It’s a gas, man
Hydrogen probably doesn’t occupy your thoughts greatly. But this is to be the basis for the coming, fast maturing new technology revolution. You can make hydrogen with electricity and water. When the hydrogen is recombined with oxygen it creates energy and …water.
It is remarkable how rapidly the technology is developing. Philip Mayer, Ted Dowdeswell and I attended an event on hydrogen and fuel cells recently and were impressed with how much has changed in a few years. What was a concept a few years ago is now a real set of products with a definite future. Hydrogen is already an important element in the gas mix that fuels our boilers and cookers. Soon it and other common gases such as ammonia will be become an important part of powering the nation. It is not unlikely that within 10 years there will be families in our village driving hydrogen fuel cell powered cars. ‘Petrol’ stations will have to be redefined perhaps as ‘energy’ stations.
Hydrogen can be extracted using renewable energy but at present we have to use gas to create any new energy needed to make hydrogen. The more local and national renewable energy generation we install, therefore, the better. Some of the very few hydrogen refuelling stations that presently exist have solar panels on the canopy roof so that electrolysis can happen on site; other options will use conventional generators or large gas canisters transported on lorries. There are already mobile refuelling vehicles that can park up to refuel the new cars.
Capping the hub
HEI put forward the idea of creating a low carbon hub or network for Warwickshire in March. Already we are two events further on in the process of stimulating new local low carbon and environmental activity with three more communities queuing up to be part of this. the next one will be in Henley-in-Arden, probably in October, with another planned in Kineton in spring next year and a third offer from Church Lawford. The last one at Napton happened just after the copy deadline so I wasn’t able to tell you that it was a great success. The organising group managed to sustain the energy in the room despite the fierce heat (global warming manifesting). We now have some clear themes, some momentum and excitement and a new low carbon group in Napton. It isn’t at all too late to be part of this initiative if you would like to be part of it. After the next one we will probably create a steering group and some structure to the network. All of this has been greatly helped by the support of Abigail Campbell of the RSA, who, as a result of this initiative, has started her own low carbon group in Braunston.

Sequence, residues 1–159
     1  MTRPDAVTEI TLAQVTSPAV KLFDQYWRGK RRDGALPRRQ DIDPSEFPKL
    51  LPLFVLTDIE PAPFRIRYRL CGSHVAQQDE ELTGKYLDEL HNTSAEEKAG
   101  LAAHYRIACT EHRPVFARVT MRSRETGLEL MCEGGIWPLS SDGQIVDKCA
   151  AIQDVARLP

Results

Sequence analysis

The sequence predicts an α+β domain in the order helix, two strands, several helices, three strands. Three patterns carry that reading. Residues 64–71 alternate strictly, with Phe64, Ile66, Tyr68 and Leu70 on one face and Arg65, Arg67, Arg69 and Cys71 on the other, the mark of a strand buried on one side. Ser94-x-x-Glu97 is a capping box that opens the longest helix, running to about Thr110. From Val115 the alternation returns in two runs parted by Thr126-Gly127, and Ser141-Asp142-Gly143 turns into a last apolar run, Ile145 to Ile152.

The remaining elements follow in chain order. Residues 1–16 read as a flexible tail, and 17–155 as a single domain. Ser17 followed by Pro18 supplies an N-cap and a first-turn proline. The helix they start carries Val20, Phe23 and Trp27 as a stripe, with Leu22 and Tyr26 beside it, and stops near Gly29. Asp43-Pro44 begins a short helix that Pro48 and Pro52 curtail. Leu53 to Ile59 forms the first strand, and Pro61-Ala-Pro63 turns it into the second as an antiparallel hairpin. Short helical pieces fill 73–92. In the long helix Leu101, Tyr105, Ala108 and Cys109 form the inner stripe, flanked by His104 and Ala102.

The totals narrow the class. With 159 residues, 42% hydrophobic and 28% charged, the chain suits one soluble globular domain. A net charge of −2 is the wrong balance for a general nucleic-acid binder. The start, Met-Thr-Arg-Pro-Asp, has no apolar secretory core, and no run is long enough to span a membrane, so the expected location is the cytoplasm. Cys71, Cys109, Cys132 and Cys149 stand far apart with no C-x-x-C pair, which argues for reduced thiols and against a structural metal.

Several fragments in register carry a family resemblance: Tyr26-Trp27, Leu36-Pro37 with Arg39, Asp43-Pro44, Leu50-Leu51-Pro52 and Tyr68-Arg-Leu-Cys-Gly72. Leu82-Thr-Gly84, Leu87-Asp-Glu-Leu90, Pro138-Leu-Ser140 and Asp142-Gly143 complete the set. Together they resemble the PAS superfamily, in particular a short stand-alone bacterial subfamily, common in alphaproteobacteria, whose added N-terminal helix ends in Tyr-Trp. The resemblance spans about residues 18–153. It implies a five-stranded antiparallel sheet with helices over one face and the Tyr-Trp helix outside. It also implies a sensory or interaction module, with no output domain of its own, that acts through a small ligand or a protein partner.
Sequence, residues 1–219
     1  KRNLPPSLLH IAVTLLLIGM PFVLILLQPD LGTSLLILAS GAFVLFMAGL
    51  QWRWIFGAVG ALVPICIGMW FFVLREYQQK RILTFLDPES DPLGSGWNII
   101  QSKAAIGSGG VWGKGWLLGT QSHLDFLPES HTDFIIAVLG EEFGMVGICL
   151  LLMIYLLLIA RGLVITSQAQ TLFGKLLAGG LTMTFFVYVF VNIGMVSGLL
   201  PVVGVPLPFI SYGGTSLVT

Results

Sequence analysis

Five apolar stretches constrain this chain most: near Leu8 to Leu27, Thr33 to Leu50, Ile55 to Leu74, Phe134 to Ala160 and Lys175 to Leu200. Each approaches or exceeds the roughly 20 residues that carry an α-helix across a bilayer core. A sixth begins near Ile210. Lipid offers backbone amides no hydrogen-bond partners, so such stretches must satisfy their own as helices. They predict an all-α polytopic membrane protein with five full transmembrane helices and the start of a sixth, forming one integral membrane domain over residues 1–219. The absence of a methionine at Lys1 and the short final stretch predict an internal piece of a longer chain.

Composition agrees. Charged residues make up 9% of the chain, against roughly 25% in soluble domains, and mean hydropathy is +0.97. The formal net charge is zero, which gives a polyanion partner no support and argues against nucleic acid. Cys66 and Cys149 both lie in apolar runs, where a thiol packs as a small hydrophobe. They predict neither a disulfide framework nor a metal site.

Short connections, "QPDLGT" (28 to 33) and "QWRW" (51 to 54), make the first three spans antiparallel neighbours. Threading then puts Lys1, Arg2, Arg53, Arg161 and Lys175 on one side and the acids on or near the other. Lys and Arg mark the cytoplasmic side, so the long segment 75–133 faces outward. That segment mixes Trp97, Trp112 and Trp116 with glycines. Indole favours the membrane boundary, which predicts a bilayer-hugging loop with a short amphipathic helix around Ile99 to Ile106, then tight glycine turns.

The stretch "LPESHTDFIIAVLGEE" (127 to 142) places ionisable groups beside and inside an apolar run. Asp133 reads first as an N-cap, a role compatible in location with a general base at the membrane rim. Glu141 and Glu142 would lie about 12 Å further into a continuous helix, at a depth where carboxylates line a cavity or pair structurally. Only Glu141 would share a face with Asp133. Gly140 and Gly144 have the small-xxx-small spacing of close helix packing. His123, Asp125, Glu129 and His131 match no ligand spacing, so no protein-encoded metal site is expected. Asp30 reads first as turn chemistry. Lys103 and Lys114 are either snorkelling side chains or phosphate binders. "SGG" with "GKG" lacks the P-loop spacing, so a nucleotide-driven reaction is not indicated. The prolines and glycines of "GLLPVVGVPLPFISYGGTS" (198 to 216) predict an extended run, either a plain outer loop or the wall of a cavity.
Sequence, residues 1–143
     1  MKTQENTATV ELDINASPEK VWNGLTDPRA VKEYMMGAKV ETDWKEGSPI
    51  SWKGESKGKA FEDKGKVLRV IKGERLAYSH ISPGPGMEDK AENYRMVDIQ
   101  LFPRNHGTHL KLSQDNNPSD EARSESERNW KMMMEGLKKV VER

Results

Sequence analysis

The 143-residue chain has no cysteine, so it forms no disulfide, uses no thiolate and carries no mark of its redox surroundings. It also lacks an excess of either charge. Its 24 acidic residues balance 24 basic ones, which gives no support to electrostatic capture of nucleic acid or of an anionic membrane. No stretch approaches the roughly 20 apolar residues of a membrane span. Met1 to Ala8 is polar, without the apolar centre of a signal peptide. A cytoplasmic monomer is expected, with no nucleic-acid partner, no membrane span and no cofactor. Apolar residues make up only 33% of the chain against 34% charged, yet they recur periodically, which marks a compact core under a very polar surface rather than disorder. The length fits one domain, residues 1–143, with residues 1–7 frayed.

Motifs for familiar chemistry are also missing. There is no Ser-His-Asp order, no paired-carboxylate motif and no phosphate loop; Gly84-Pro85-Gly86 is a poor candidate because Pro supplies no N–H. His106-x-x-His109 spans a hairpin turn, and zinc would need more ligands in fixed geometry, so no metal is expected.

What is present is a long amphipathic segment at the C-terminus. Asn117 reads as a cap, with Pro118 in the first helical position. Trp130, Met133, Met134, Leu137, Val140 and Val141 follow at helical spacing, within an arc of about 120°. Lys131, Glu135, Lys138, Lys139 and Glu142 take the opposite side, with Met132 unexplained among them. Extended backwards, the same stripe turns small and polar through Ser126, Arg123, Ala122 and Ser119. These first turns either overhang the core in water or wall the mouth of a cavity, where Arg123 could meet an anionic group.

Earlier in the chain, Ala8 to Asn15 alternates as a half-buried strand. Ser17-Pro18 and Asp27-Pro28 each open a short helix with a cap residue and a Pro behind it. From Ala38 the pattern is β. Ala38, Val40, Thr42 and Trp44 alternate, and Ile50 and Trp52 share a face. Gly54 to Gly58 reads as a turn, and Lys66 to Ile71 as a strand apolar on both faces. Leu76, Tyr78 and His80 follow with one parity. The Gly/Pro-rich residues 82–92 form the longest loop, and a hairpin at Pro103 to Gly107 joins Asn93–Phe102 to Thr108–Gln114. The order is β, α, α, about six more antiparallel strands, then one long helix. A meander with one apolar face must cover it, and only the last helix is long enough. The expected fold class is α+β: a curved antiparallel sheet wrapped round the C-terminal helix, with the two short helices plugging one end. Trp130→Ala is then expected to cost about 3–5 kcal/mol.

Now wouldn’t you call that a positive result?
Waiting is an unavoidable part of fund raising. Many weeks ago I submitted a bid to Naturesave Trust, a green insurance company trust fund, on behalf of Harbury Pre-School. The bid is for the installation of LED lighting. This is just one part of the efficiency improvements they hope to make to old part of their damp and crumbling quarters. We are still waiting to hear but it shouldn’t be long now. It’s a small contribution to their needs but should help to cut running costs a bit.
Meanwhile the LED lighting planned for the church has become subsumed into one of Philip Mayer’s eco mega-projects. We hope to work with Philip on the plans, which should, if successful, bring the church right up the rankings on Eco-Church, well beyond our current Bronze Award. It won’t be done by next month. You may have to wait for further news.